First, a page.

The best part of all the new content is how it seamlessly intertwines with the already existing world of Isaac. Greed Mode isn’t hidden in a sub-menu or separately categorized, it’s right there under Hard Mode. One of Afterbirth’s new characters, Lilith, fits right in with the rest of the cast as if she was always there. Afterbirth doesn’t just plop a massive amount of content on top of Rebirth, it mixes the content in with the original so you’d never tell the difference.
New floor variants and layouts introduced in Afterbirth make the crawl through Isaac’s basement feel more fluid and natural. Each themed floor has its own unique feel, with different enemies, soundtracks and hazards. Each room can be one of the many new layout variations, from long narrow rooms to small, box-like chambers. This makes the basement feel like an actual dungeon, rather than moving from one uninspired square room to the next. Some of the new room layouts also introduce puzzle mechanics, forcing players to solve a deadly puzzle before they can proceed. My least favourite example of the new puzzle rooms is the unforgivingly difficult spike rooms. They’re not my least favourite due to poor design or unfairness; I actually hate them because they’re the opposite. They’re simple in theory: sections of the floor will have spikes that shoot up at certain intervals, and the only way to stop them is to hit the switches scattered across the room. The thing is, I would psyche myself out too much and fumble, causing my character to walk over spikes multiple times. If the spikes weren’t my downfall, they would have weakened me to a point where surviving the next room was near impossible. Couple that with annoying, invincible ball-guys (name pending) shooting at you, and you have a refreshing yet blood-boiling way to shake things up in the dungeon.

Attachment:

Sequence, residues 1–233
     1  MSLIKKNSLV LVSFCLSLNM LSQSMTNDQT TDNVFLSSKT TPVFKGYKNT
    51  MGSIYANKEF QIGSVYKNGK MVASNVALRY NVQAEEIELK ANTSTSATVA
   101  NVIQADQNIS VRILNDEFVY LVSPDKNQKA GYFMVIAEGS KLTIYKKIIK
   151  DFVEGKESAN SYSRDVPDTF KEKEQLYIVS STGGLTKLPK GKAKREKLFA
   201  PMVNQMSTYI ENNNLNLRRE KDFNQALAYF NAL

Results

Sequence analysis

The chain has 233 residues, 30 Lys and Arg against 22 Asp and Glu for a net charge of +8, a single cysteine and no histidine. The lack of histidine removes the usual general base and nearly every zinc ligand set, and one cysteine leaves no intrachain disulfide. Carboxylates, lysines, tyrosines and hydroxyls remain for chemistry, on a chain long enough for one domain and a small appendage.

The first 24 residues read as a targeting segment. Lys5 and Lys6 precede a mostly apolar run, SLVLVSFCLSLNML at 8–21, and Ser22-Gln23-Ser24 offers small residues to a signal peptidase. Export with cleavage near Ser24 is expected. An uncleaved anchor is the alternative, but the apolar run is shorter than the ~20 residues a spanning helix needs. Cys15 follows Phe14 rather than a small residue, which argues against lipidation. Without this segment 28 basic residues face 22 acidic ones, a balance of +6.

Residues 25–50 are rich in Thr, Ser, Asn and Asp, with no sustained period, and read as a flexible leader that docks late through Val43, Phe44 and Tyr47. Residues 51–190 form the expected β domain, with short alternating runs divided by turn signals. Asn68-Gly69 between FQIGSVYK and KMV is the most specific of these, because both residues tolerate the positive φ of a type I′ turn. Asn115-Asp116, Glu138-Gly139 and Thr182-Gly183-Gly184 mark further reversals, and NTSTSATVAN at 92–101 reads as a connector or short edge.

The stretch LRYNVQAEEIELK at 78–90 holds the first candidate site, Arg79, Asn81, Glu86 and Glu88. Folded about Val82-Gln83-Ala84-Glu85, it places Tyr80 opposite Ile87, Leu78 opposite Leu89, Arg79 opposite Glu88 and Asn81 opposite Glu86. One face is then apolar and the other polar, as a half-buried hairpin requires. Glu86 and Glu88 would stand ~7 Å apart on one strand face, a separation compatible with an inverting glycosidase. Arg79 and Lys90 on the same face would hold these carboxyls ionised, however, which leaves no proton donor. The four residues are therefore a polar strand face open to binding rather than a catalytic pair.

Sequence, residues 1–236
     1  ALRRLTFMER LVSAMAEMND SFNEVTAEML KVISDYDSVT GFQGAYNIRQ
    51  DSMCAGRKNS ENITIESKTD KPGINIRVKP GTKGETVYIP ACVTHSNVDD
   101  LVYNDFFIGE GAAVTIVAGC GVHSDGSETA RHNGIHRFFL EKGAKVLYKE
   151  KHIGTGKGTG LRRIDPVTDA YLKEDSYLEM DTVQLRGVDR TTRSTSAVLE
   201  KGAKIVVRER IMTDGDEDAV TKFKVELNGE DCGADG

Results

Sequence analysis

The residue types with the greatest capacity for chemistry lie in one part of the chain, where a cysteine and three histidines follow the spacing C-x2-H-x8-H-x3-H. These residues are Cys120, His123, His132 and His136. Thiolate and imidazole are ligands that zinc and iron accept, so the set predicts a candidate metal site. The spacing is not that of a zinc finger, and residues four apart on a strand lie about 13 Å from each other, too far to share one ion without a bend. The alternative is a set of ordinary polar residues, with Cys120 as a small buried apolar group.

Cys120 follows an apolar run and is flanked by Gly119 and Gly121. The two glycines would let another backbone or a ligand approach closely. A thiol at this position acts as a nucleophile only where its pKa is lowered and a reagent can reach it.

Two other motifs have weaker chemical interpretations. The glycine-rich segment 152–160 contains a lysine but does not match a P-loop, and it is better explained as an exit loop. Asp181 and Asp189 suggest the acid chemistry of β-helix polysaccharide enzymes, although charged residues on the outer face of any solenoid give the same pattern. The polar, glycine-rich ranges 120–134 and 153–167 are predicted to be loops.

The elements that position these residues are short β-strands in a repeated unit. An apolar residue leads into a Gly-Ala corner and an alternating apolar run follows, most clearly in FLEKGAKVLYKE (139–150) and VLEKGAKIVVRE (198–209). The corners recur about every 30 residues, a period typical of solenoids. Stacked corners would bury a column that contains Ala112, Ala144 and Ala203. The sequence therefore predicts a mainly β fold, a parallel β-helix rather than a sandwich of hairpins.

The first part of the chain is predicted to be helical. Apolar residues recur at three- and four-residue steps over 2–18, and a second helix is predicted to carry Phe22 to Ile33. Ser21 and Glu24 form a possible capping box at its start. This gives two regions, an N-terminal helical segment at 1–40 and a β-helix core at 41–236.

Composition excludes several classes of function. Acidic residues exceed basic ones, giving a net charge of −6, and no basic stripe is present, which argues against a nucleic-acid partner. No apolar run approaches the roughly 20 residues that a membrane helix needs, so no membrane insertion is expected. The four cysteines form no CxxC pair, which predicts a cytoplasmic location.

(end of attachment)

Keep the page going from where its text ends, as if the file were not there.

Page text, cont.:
Actually, let’s run with “refreshing, yet blood-boiling”. While a plethora of new hazards, enemies and bosses certainly do their part in reinvigorating the Binding of Isaac experience, some of them are so mind-numbingly, unfairly difficult that it was hard not to just stick my PS4 in the oven and set it to broil. Seriously, some bosses just kick the life out of you in seconds, leaving you at the game over screen before you can say “Oh God, it’s behind me!” This was especially true with a certain end-game boss, and although I won’t kiss and tell, he’s a total jerk; spawning hordes of enemies and healing himself faster than I can take his health down.
The Binding of Isaac has never been an easy game, and Afterbirth certainly intensifies the difficulty of the original, for better or worse. Afterbirth introduces a level of hatred and frustration in a “go ahead and cry about it, maybe you’ll do more damage” manner, and the content it brings is the pinnacle of what DLC should be: extremely high quality equaled by its quantity. Afterbirth is basically a love letter to the base game, introducing items and mechanics that perfectly entwine themselves with the main game to improve and compliment the already unforgettable experience that is The Binding of Isaac. If you liked Rebirth, you’d be doing yourself a major disservice by not treating yourself to Afterbirth.